KIPP Ascend Charter School in Austin will expand from a middle school to a full elementary school by 2015.
The Chicago Board of Education approved the grade expansion last month, allowing the school to add kindergarten through fourth grades. KIPP will open its first kindergarten class in 2010 adding a grade each year. The middle school currently has 320 students in grades fifth through eighth, but expects enrollment will increase to 900 when the school reaches full capacity.
Interest in the school’s mission by parents sparked the grade expansion, explained Jim O’Connor, founding school leader of KIPP Ascend, located at 715 S. Kildare Ave. The charter school focuses on preparing students for college before they get into high schools. KIPP, O’Connor noted, has been receiving calls almost daily from parents wanting to enroll their children in kindergarten, first or second grade, but the Austin charter school does not offer those levels.
KIPP Ascend’s school board, comprised of local business professionals, saw that interest as an opportunity to expand, said O’Connor, deciding last year on the grade expansion. KIPP Ascend is one of more than 60 charter schools nationwide, part of the Knowledge Is Power Program of charter schools. The grade expansion is only affecting the Austin campus.
O’Connor contends the Austin school’s expansion is about fulfilling the educational needs of a community that has several under-performing schools. “I think that parents and kids are very interested in high-quality schools, and we want to serve them,” he said.
To fill that need, KIPP Ascend is looking for a new building for the grade expansion. They hope to occupy the building by summer 2009. The school currently shares a facility with Sumner Academy. KIPP Ascend plans to open seven kindergarten classes and will be hiring for those positions by winter 2010. Additionally, the school plans to hire a principal for its k-through-fourth grade program.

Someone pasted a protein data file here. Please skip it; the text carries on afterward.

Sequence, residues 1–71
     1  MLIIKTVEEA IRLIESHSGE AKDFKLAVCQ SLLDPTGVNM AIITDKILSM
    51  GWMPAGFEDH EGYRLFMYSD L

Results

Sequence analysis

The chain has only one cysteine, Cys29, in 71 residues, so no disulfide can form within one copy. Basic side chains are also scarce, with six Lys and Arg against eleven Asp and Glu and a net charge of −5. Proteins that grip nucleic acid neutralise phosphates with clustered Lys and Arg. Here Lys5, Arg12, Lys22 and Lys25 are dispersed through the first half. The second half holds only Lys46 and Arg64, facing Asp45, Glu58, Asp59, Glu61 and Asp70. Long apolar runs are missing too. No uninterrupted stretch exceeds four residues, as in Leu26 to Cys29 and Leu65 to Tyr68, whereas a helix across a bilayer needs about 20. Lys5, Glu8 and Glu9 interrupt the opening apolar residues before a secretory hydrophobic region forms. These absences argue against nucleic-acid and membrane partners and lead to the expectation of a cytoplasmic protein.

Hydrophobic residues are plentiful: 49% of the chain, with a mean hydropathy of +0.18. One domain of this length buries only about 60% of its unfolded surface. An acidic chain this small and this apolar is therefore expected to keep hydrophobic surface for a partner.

O’Connor hopes to replicate the school’s academic success within its new grade program. Many students who come to KIPP Ascend are behind grade level in math and reading, but the six-year-old school has managed to graduate them above grade level, O’Connor noted, adding that their eighth-grade math and reading scores exceed city and state standards. In addition, 55 percent of its graduates were accepted into selective-enrollment high schools.
That college-trek begins by creating an environment of high expectations for both behavior and academic work, O’Connor explained, with the curriculum’s strong focus on building academic skills.
Students also have a longer school day, nearly nine hours with two hours of homework daily. The school rounds out its course work with enrichment activities like yoga, drama and dance to give students a range of experiences.
But reaching kids at an earlier age and giving them a strong foundation in math, reading, critical thinking and social skills can close the achievement gap faced by many inner-city students, O’Connor insists. “If they start in kindergarten we can … increase student achievement,” he said. “We know we can get more students into selective enrollment schools and get more students to, and through, college, which is our bottom line.”